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Passing Planet Jupiter: Perijove 16 | NASA's Juno Mission

Passing Planet Jupiter: Perijove 16 | NASA's Juno Mission

NASA's robotic spacecraft Juno is continuing on its 53-day, highly-elongated orbits around our Solar System's largest planet. This video features perijove 16, the sixteenth time that Juno has passed near Jupiter since it arrived in mid-2016. Each perijove passes near a new part of Jupiter's cloud tops. 

This color-enhanced video has been digitally composed from 21 JunoCam still images, resulting in a 125-fold time-lapse. The video begins with Jupiter rising as Juno approaches from the north. As Juno reaches its closest view—from about 3,500 kilometers over Jupiter's cloud tops—the spacecraft captures the great planet in detail. 

Juno passes light zones and dark belts of clouds that circle the planet, as well as numerous swirling circular storms. Many are larger than hurricanes on Earth. As Juno moves away, a remarkable "dolphin-shaped" cloud is visible. After the perijove, Jupiter recedes into the distance, now displaying the unusual clouds that appear over Jupiter's south. To collect science data, Juno swoops so close to Jupiter that its instruments are exposed to very high levels of radiation.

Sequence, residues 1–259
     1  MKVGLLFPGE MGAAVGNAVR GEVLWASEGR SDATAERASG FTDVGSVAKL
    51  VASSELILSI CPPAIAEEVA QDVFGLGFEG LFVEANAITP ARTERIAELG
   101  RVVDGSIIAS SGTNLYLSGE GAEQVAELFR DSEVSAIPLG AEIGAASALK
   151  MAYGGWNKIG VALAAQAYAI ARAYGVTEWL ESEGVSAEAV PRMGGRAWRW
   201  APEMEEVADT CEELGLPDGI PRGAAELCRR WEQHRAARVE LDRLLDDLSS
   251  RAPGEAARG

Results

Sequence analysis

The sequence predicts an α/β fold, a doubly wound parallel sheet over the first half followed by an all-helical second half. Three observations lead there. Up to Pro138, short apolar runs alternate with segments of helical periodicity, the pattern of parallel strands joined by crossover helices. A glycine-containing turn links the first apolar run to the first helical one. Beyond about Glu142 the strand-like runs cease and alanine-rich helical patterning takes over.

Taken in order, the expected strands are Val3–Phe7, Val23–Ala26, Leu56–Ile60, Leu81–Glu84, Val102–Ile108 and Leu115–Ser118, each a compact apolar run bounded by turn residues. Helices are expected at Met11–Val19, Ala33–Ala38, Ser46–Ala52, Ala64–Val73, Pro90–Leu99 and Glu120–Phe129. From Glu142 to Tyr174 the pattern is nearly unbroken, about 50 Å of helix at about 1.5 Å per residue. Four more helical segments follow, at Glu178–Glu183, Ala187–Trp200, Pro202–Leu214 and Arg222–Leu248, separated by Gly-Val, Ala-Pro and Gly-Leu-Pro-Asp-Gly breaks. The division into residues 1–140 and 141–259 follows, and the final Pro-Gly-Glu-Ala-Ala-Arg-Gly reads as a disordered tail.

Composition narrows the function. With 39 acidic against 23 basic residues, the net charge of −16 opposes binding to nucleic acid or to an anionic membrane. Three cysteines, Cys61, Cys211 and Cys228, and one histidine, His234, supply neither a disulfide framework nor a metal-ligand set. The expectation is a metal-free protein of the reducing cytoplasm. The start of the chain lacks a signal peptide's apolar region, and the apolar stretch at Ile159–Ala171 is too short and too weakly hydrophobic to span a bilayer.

Starting in April 2024, the spacecraft will carry out a series of occultation experiments that use Juno’s Gravity Science experiment to probe Jupiter’s upper atmospheric makeup. This can provide key information on the planet’s shape and interior structure.

More About the Mission
JPL, a division of Caltech in Pasadena, California, manages the Juno mission for the principal investigator, Scott J. Bolton, of the Southwest Research Institute in San Antonio. Juno is part of NASA’s New Frontiers Program, which is managed at NASA’s Marshall Space Flight Center in Huntsville, Alabama, for the agency’s Science Mission Directorate in Washington. Lockheed Martin Space in Denver built and operates the spacecraft.

Video Credit: NASA, Juno, SwRI, MSSS, Gerald Eichstadt

Duration: 54 seconds

Release Date: Feb. 2, 2019

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